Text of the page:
I have some practical advice to give you which is this. what advice would you have to a young man or woman coming along now who wants to be a security analyst and a Chartered Financial Analyst? Graham: I would tf~J1 them to study the past record of the stock market. he moved over to other fields and did an enormous amount of speculative business later. pursue that without any reference to what other people do or think or say. Stick to their own methods. and find out whether they can identify an approach to investment they feel would be satisfactory in their own case. But at least he started. intelligence. study their own capabilities. They have never been able to convince me that that's true in any significant degree-that different investors have different requirements. of course. And if they have done that. and I think satisfactory results are pretty much the same for everybody. I said to him. It did work out all right and then the big bull market came along and. Get your friends to put "x" amount of dollars a month in these closed-end companies at discounts and you will start ahead of the game and you will make out all right. That's what we did with our own business. HB: Mr. You can buy closed-end investment companies at 15 percent discounts on an average. and talk. on a sound basis. Graham. If he or she reads The Intelligent Investor-which I feel would be more useful than Security Analysis of the two books-and selects from what we say some approach which one thinks would be profitable. And if you start on a sound basis. "Dick. then I say that one should do this and stick to it. would indicate that one could have done as well with Standard & Poor's than with a great deal of work. So I think any experience of the last 20 years. 40 . We never followed the crowd. he did do that-he had no great difficulty in starting his business on that basis. All investments require satisfactory results." Well. you are half-way along. and I think that's favorable for the young analyst. let's say. I think.that they say-not that it isn't practical-but that it isn't sound because different investors have different requirements. I had a nephew who started in Wall Street a number of years ago and came to me for some advice.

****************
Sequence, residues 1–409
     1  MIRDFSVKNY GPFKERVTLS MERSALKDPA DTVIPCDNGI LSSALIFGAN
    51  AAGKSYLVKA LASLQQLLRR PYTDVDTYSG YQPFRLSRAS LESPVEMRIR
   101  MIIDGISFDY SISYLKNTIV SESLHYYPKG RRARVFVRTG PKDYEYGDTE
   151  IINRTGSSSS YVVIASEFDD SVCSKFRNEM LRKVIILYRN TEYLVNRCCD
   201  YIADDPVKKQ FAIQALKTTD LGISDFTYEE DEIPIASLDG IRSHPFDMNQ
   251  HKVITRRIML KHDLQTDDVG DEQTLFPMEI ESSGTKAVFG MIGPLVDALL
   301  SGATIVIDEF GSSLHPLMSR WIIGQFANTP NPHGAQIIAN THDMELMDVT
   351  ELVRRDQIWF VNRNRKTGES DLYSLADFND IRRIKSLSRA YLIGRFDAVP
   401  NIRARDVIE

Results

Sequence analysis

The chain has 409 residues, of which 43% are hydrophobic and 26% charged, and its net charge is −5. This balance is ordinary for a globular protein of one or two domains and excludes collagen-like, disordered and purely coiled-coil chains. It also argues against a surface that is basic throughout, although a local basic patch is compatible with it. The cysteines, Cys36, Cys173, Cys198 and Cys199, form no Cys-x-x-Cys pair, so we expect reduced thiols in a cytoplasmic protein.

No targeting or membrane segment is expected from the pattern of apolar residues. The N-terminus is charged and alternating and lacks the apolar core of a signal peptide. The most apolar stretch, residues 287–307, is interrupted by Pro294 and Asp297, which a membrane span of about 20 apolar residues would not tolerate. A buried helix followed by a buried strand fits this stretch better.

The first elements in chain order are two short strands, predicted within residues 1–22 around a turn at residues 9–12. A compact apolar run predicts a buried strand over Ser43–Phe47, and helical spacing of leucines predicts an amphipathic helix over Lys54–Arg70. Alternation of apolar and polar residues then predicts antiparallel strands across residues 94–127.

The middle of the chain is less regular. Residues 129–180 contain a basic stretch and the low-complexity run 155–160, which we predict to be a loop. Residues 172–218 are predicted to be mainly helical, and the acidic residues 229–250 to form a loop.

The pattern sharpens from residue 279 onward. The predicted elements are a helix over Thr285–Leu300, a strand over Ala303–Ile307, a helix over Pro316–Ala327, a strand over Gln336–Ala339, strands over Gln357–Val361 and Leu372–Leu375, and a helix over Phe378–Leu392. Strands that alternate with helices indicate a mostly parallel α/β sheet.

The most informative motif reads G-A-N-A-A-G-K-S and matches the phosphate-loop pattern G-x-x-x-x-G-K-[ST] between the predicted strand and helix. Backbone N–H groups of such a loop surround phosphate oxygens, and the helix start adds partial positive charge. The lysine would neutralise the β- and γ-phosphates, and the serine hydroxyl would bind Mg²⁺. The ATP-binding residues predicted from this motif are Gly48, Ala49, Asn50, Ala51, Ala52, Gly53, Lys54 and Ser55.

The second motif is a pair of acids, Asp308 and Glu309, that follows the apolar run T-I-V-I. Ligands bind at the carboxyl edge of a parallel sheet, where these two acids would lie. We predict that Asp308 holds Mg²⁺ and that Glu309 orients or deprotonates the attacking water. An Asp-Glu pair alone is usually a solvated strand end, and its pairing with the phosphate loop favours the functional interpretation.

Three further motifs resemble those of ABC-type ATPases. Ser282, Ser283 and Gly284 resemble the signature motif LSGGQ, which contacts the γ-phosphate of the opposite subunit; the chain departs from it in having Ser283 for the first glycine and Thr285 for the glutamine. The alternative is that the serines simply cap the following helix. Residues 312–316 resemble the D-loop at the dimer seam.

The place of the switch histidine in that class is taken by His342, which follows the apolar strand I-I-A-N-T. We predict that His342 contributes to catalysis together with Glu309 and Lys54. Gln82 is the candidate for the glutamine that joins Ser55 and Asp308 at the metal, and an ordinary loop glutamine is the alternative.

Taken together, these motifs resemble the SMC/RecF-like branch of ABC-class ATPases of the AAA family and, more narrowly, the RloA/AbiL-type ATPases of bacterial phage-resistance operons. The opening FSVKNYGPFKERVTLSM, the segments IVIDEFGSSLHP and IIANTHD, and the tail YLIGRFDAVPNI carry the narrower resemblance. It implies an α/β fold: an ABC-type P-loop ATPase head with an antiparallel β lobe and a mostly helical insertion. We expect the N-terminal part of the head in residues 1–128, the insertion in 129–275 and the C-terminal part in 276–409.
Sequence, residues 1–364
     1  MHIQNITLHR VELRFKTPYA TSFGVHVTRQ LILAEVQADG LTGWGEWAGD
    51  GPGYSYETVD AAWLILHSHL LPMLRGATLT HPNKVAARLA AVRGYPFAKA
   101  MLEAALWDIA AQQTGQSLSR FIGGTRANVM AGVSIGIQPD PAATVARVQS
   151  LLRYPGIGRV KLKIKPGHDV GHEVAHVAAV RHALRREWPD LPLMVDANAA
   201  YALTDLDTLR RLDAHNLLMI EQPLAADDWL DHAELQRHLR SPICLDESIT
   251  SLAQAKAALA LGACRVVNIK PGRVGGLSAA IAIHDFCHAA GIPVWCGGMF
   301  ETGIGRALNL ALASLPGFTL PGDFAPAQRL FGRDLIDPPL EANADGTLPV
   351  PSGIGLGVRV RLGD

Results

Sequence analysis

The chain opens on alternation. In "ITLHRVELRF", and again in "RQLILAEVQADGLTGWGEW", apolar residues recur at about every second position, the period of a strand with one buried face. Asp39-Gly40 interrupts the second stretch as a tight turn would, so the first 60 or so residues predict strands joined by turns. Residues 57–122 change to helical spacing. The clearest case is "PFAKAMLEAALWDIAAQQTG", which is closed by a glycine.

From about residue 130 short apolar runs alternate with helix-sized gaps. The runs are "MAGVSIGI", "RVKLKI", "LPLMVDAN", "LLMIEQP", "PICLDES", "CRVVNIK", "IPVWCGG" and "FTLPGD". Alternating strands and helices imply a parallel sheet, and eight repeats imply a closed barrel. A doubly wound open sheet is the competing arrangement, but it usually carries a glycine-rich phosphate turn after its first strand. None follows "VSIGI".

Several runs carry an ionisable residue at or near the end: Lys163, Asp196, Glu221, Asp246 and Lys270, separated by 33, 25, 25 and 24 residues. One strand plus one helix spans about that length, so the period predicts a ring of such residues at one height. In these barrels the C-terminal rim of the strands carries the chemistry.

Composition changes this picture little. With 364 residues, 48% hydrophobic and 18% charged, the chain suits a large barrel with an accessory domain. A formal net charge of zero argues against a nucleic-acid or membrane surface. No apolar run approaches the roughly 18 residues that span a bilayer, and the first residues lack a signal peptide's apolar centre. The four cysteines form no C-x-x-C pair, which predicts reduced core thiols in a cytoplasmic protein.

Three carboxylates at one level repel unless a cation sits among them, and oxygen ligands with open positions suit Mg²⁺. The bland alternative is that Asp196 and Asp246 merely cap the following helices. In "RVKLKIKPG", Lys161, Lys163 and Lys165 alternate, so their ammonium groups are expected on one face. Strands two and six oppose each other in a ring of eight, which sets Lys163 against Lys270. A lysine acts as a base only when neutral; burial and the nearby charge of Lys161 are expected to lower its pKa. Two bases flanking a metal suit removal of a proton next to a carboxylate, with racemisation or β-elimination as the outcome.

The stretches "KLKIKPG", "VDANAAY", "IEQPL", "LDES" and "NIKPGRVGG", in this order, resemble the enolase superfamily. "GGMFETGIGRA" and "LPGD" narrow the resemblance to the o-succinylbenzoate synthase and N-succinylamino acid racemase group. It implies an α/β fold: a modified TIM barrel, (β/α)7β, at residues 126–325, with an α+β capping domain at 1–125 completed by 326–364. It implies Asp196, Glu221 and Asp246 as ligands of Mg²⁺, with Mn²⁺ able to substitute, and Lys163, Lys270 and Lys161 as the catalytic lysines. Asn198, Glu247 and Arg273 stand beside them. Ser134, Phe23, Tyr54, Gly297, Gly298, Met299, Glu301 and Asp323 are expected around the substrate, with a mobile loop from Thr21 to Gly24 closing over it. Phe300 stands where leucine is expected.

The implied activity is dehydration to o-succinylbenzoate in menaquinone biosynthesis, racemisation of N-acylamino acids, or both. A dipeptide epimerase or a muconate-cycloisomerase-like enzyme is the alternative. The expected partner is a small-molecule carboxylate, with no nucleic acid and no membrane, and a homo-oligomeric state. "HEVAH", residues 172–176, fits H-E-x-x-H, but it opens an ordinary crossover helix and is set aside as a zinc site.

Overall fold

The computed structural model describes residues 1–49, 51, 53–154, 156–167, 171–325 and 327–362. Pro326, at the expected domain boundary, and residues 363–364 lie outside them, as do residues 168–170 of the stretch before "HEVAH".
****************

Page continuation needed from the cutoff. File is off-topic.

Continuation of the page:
the English economist. the growth cult. HB: This has been a most pleasant and stimulative visit. We will look forward to receiving in Charlottesville your memoirs manuscript. and the next pessimism will be overdone. But nobody seems concerned with what are the possibilities that 1970 and 1973-1974 will be duplicated in the next five years. you have to think correctly. There are two requirements for success in Wall Street. Right now. Apparently. Thank you so much. and they forget everything. They used to say about the Bourbons that they forgot nothing and they learned nothing. in which he describes how panics come about. Merry-Go-Round. if people have money. and secondly. aren't there? Graham: Yes. the one-decision stocks. and you are back on the Ferris Wheel-whatever you want to call it--Seesaw. it is available to be lost and they speculate with it and they lose it-that's how panics are done. and all? Graham: No. literally. The sun is trying to come out now. One. is that they learn nothing. I think this business of greed-the excessive hopes and fears and so on-will be with us as long as there will be people. correctly and independently. the two-tier market. You will be back on that. There is a famous passage in Bagehot. here in La]olla. HB: But there are independent thinkers on Wall Street and throughout the country who do well. typically. there has been plenty of sunshine since the middle of 1974 when the bottom of the market was reached. and I'll say about the Wall Street people. nobody has given any thought to that question. But that such experiences will be duplicated in the next five years or so. in my opinion. What do you see of the sunshine on Wall Street? Graham: Well. Mr. stocks as a whole are not overvalued. you can bet your Dow] ones Average on that. I am very cynical about Wall Street. The present optimism is going to be overdone.HB: Do you think that Wall Street or the typical analyst or portfolio managers have learned their lessons of the "Go-Go" funds. I have no confidence whatever in the future behavior of the Wall Street people. Typically. HB: Yes. And my guess is that Wall Street hasn't changed at all. Graham! 41 . you have to think independently.